I’ll readily admit, I had not heard of, let alone read, 5 Ronin, a five-issue 2011 “What If…Marvel Heroes Were Ronin” anthology. Had I known of it at the time, I probably would have skipped given some middling reviews and I am most certainly not a weeaboo. In the seven years since the series release, it has never been mentioned to me by any friend, nor listener to our shows.
What a perfect idea for a convention exclusive!
And no, I am not being sarcastic.
Convention exclusives are often frustrating for collectors. They are made in smaller quantities than regular editions, and, if they’re sold online at all, they are gone in a blink (as was the case with Mezco’s One:12 Series 5 Ronin Wolverine figure). Conventions are expensive, especially if you need to fly, get a hotel, and so forth. When it comes to San Diego and New York Comic Cons, tickets are also incredibly difficult to get.
So to have such a niche, esoteric variant of a Marvel superhero makes for a great exclusive. For those who cannot attend the show, they may not want this more obscure version of Wolverine. For those who do, you get a rendition of Logan that would never have the appeal to be made as a mass release available through Entertainment Earth, Big Bad Toy Store, Dorkside Toys, and the like.
Despite not being a Japanophile, I appreciate the aesthetic of feudal Japan. While a very small part of my collection, I do proudly display some Marvel and Star Wars Meisho Samurai Movie Realization figures from Bandai.
As such, this Wolverine, in his blueish-white gi, topknot hair, and Kitana swords appealed to me due to its look. Even though I didn’t know the story, I knew I had to have this figure.
The Good – What detail! What an outfit!
`I feel like a broken record. Every time I do a Mezco One:12 review, the reasons I LOVE this toy line should be reiterated.
First, the articulation on the figure is incredible. With 28 points of articulation, many of them ball joints that allow for almost 420-degree rotation, the figure is highly poseable. The samurai outfit is also baggy enough as to not restrict the movement the way it is on some other figures with tighter clothes. There is also a red scarf with a posing wire that can be added for a dynamic feeling of movement in your pose.
Next, the paint on the figure, especially the faces, bring the toy to life. How Mezco can squeeze so much detail in such a small head will forever be a mystery to me. The painted on chest hair (along with detailed chest sculpting) fits the character’s look as well.
The figure also comes with a large number of accessories. Seven hands allow for Wolverine to show his (adamantium, not bone) claws, hold one or two kitana swords, or make various fists. The swords also come with sheaths that can slide in his belt.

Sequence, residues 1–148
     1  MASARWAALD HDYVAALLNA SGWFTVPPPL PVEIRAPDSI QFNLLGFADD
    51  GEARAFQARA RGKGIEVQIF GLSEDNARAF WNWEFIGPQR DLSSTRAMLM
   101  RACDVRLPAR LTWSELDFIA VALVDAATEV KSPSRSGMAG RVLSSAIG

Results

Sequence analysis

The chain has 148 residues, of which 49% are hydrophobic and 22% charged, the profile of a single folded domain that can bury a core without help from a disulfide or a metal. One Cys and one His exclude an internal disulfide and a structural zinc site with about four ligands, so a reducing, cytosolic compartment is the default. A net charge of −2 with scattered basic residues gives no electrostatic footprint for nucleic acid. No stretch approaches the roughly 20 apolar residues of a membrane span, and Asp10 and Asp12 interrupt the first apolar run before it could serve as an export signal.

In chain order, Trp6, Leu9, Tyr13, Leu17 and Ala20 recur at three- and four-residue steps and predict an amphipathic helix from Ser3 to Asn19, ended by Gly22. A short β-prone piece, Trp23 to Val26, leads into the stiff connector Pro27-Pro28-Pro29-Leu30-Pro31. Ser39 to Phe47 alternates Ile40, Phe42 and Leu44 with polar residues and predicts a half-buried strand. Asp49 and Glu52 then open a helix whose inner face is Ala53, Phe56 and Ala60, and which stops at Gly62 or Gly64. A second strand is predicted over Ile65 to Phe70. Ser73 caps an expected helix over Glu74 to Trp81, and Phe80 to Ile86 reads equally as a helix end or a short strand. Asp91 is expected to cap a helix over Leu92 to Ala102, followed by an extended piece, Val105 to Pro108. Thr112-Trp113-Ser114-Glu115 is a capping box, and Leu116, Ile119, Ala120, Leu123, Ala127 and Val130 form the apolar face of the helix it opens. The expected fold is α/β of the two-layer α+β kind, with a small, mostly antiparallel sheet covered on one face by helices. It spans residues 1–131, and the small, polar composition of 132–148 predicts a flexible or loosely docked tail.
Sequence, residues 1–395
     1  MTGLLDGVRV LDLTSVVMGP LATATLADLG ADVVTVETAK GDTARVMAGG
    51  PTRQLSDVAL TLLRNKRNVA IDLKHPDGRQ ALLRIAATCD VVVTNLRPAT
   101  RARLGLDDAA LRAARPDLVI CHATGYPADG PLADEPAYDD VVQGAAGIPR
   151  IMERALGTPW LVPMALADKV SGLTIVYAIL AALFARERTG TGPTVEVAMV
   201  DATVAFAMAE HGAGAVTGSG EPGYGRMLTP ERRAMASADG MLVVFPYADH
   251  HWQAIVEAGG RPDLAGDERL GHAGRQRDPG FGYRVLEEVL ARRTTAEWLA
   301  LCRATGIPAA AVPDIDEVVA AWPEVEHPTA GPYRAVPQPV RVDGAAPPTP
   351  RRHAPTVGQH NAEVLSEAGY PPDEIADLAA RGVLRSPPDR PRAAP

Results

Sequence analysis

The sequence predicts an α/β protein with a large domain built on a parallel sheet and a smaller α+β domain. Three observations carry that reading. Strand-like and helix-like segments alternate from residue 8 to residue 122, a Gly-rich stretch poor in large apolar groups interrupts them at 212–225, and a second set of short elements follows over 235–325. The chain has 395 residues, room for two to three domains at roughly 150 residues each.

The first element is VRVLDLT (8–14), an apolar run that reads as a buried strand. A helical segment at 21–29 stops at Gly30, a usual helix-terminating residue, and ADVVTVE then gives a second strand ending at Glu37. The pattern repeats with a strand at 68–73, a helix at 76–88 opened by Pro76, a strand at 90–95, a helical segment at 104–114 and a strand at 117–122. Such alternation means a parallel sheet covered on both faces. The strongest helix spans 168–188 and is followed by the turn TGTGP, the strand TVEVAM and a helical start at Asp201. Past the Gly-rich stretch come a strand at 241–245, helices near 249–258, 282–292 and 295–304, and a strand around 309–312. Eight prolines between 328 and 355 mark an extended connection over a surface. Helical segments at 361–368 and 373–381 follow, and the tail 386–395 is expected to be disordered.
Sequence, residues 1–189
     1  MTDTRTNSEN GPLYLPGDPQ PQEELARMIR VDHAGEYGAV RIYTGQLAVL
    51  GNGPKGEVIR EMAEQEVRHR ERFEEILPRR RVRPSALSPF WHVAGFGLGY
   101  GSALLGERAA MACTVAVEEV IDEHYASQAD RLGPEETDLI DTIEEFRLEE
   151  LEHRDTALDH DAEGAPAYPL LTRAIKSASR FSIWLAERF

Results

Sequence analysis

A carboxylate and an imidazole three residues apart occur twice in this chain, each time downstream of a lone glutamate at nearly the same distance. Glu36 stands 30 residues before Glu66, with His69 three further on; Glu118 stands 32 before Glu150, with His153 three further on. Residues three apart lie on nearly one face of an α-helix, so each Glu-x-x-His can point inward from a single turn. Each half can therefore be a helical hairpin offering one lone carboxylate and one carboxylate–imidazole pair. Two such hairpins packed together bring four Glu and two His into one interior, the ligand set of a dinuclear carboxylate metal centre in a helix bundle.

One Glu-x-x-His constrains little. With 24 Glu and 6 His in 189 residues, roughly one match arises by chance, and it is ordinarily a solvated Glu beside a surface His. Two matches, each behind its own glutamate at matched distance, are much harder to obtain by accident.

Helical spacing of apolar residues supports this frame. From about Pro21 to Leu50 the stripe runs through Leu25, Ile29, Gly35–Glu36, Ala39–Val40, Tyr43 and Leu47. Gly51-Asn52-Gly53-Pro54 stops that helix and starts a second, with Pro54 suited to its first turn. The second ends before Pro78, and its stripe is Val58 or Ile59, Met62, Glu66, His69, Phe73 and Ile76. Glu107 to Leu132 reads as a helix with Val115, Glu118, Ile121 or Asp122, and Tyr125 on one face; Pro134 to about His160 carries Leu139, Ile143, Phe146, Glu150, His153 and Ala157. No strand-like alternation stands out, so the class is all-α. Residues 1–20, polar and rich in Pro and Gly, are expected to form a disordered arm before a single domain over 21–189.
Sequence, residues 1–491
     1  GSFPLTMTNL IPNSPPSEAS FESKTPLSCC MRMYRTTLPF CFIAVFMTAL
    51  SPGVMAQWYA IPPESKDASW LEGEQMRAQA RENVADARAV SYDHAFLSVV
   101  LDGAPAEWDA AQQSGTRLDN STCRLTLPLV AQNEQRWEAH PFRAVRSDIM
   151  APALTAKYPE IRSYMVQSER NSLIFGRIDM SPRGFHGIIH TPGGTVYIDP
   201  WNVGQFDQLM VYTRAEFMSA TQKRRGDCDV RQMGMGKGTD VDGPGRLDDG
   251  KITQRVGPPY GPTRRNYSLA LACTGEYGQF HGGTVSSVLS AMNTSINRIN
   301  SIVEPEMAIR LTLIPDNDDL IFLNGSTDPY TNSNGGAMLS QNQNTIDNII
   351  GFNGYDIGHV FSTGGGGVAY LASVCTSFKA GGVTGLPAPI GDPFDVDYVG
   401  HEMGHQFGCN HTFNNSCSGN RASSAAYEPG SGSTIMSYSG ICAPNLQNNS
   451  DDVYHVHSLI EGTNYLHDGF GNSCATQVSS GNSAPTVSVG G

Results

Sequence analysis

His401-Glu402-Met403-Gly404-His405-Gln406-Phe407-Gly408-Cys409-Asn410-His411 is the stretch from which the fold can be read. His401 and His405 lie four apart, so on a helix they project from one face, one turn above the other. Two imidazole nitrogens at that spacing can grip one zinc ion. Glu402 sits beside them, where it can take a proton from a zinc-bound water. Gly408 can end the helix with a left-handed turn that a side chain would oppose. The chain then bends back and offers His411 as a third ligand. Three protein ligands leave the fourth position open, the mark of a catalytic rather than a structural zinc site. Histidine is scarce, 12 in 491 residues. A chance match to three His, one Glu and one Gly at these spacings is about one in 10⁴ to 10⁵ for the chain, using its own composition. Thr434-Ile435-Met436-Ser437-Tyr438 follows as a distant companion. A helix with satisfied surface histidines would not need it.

You also get an additional Wolverine head that is more comic classic with a snarl and more standard upswept hair. Though I certainly prefer the head with sideburns and topknot that reinforce the Japanese theme.
The base shows Wolverine claws crossed, and are in a purple and blue that matches the character’s outfit and ties the whole package together.
Finally I must compliment the wooden shoes Logan wears. They are unique and add a lot of character to his outfit. Despite being like immobile “roller skates” with two crossbars, the figure is easy to balance in them!
The Bad – The Agony of De-Feet
First, the paint on the head is much lighter than the paint on the body. It makes for a jarring transition from Logan’s neck to his hair-covered chest.
Likewise, the feet are painted in such a way where there is a hint of toes. The white paint over the toes, with the foot thong around them, is a little distracting. His left foot also has a mold line that toes up the middle, and the white paint makes it very visible. That left ankle is also very hard to move due to the thickness of the paint creating rubbing in the joint.
While speaking of the feet, those incredible looking boots come with a drawback: No peg hole in the feet. While the figure’s base has a peg included, the only way to secure Logan is to use the transparent plastic pincer arm.
My Logan also has some loose threads at the pant cuff. That, plus the out-of-scale stitching (which is a problem on all soft goods toys of scale) detract from the otherwise incredible outfit.
Finally, the rigid plastic makes it difficult to put the scabbards in Logan’s belt in a way that looks natural. They always seem a bit too vertical.
This Wolverine 5 Ronin figure is the X-Men outfit I never knew I needed. Wolverine has always been tied to Japan since his early Chris Claremont days, and this figure takes that feel and melds it perfectly with a realistic look. Even without knowing the comic, I greatly appreciate the mood of this piece.
It’s been sold out for some time, but if the look appeals to you it’s a great figure!